Castle Air Museum, located at 5050 Santa Fe Drive in Atwater, hosted its Fall Open Cockpit Day on Monday, Sept. 2.
One of the highlights for the guests was the opportunity to view 40 open military aircraft, which is more than half the collection.
Visitors also had fun talking to the knowledgeable and friendly docents to learn interesting facts.
For example, U.S. Air Force Staff Sergeant Michael Soriano, a volunteer docent, talked about the MC-130 Hercules, a recent addition on the grounds of the air museum. As a crew member, an engine mechanic, he was on board the aircraft in November 2018 when it made its final flight from Moffett Field to the air museum.
Standing inside the aircraft, Soriano said, “This is the MC-130 P Combat Shadow. The ‘M’ is for Special Mission, and the ‘P’ model means it is capable of refueling helicopters. The helicopter has a probe that sticks into the drouge of the aircraft, and fuel is transferred.”
He continued, “The aircraft was used in search and rescue. Technically, 98 people could fit in the seats. This particular MC-130 P was built in 1966 and was the last one to be retired, in November 2018.”
Describing its role in the military, Soriano said, “When they were in combat in Vietnam, armor was placed on the floor, and it protected the pilots. This plane served in the Sontay Raid. It was the lead refueling plane in the raid, which took place on November 21, 1970 in Sontay, North Vietnam. They killed 100 prison guards, but found there were no prisoners to be rescued.”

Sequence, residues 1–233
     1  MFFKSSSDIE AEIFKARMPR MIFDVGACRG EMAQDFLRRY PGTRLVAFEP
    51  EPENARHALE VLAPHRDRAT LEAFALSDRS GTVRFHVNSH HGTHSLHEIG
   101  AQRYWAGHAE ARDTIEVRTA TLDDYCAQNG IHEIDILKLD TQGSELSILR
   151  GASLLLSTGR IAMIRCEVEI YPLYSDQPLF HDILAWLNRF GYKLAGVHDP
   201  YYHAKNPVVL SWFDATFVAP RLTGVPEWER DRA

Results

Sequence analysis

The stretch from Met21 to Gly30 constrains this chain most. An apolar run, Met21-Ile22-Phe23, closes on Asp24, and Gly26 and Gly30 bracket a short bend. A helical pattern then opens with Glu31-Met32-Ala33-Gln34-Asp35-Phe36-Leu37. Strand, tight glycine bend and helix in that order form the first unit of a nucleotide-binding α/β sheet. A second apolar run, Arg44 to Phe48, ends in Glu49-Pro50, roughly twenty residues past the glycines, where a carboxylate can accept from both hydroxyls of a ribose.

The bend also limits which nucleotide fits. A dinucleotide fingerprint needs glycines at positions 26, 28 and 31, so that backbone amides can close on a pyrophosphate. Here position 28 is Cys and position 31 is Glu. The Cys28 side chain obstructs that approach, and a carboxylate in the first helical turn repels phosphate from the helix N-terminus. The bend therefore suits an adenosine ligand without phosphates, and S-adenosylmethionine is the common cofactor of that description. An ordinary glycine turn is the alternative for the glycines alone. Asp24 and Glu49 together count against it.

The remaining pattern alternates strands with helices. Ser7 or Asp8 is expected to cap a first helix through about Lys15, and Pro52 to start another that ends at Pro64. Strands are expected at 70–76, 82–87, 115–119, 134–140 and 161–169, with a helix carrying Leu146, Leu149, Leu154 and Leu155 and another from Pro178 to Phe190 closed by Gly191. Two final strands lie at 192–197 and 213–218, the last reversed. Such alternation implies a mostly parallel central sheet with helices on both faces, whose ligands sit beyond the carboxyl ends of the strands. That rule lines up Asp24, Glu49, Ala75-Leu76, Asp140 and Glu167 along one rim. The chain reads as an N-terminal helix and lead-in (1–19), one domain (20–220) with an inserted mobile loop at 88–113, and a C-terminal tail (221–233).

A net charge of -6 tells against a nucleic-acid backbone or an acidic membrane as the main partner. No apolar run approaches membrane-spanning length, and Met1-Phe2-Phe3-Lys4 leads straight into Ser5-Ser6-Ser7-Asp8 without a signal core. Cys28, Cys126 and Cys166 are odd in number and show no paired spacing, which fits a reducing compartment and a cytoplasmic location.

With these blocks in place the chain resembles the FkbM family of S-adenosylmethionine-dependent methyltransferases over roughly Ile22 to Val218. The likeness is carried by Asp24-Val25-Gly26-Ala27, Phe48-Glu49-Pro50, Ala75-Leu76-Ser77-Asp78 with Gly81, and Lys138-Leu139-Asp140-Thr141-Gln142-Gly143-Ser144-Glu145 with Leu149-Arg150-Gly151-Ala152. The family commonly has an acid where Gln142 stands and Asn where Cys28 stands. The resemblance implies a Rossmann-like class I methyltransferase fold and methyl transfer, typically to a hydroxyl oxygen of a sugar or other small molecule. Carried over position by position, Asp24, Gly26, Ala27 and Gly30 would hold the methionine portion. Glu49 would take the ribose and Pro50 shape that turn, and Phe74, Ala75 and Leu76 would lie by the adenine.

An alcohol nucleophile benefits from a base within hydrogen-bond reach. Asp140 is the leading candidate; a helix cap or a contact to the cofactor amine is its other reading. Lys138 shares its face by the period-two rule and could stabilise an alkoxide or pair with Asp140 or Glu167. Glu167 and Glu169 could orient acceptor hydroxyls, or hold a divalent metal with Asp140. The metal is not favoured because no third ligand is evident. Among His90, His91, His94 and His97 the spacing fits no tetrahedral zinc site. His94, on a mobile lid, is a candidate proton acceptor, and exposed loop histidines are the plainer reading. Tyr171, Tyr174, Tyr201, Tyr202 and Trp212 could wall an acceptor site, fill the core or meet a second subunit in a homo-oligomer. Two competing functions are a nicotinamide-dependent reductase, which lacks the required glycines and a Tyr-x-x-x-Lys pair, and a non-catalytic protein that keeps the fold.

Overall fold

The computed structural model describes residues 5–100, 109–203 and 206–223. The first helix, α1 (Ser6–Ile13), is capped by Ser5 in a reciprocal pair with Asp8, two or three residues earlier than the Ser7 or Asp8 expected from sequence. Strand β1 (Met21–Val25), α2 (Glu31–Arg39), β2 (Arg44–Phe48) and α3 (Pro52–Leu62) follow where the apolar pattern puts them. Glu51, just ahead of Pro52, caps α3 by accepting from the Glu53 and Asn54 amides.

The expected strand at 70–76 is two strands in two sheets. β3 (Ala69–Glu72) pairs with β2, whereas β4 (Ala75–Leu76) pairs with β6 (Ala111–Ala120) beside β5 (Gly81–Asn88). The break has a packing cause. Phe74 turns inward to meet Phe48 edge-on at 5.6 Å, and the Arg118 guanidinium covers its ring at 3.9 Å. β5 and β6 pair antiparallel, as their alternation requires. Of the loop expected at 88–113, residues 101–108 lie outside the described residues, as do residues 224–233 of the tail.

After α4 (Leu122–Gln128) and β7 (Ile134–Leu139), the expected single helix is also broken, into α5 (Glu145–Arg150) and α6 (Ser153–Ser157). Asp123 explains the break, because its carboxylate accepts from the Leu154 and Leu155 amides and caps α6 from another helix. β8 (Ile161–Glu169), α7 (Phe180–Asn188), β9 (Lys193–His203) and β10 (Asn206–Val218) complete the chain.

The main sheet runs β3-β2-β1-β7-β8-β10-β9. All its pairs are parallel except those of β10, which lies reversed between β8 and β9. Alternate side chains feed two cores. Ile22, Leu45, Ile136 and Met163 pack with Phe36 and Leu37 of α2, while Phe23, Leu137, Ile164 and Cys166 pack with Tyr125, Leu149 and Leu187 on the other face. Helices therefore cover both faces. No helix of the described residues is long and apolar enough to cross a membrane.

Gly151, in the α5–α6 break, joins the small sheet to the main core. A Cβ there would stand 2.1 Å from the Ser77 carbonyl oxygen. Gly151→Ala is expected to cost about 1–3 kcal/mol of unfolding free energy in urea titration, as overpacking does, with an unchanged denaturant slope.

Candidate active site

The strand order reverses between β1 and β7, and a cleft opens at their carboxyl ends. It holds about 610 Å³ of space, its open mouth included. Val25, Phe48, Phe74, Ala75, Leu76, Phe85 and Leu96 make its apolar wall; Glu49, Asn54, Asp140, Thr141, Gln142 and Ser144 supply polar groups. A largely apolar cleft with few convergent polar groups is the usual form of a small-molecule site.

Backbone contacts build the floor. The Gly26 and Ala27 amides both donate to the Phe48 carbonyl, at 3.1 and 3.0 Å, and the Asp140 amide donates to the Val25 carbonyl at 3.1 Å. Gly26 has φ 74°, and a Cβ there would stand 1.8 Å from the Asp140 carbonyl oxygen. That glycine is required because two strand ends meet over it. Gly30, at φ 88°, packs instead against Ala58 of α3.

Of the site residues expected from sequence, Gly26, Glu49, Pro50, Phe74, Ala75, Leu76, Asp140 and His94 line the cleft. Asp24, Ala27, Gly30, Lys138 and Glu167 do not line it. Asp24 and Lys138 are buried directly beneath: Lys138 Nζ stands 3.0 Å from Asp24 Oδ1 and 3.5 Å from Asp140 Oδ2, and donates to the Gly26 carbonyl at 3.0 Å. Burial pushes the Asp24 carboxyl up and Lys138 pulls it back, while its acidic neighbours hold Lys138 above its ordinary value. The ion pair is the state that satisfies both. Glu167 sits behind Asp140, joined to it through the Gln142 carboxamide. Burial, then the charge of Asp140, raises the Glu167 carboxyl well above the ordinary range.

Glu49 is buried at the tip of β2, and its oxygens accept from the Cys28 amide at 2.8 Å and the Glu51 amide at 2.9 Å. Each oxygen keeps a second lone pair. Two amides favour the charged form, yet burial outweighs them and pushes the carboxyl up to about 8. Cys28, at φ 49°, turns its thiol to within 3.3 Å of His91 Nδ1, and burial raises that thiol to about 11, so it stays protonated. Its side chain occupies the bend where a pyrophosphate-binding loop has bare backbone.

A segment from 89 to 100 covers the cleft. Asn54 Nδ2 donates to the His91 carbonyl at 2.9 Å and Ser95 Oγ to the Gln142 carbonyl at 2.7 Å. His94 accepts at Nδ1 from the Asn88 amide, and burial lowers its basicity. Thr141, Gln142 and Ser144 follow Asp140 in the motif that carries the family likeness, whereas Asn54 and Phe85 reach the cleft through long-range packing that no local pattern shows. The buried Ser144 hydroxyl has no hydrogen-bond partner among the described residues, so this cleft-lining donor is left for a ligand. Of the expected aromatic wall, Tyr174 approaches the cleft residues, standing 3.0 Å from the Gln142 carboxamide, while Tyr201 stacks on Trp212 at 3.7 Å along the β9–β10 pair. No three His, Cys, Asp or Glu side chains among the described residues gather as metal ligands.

He added, “After the raid, this aircraft went back to Udorn Air Base in Thailand, which is where the rescue squadron was flying from. Then an F 105 fighter/bomber got shot down in North Vietnam, so this aircraft took off out of Thailand and found the two pilots and directed the helicopters to pick them up. A different aircraft dropped air flares to mark the way for the helicopters to rescue the men.”
On the grounds of the air museum, visitors were viewing the other planes.
Dean Robledo, the crew chief of the museum’s F-106 who is responsible for maintaining it, was there taking a photo of it from a ladder. He is an artist who enjoys painting military aircraft.
Robledo said, “My dad worked on the F-106 when he was in the Air Force. It was an interceptor, used in the Cold War with Russia in the 1960’s defending the skies of America.”
A lot of folks were browsing the model airplanes in the indoor museum, which was air conditioned, so they could feel cool in the heat of the day.
Air Museum volunteer docent Frank DeLuca, who served from 1949 to 1953 in the U. S. Air Force, described the model plane, P-51 Mustang, a must-see in the museum’s “hidden collection”.
Gesturing to the model in the glass case, he said, “It was one of the best fighters in World War II. The checkered pattern on the plane meant it was in the invasion of France. It had extra fuel tanks on the wings, and it was the only one that could make it to Germany and back, escorting the fighters.”
When it was time for a snack, the air museum had a new twist — food served in a military mess hall with historic Army vehicles surrounding the mess hall. Guests had the option of purchasing a hot dog or a tri-tip sandwich, and could eat their meal inside a military tent.
Other highlights of the day were taking a helicopter ride, operating the F-14 simulator, and viewing the Mercy Air Medi Flight display. Kids had fun jumping in the bounce house and joining their family members in sampling sandwiches, beverages and Italian ices at the Food Court.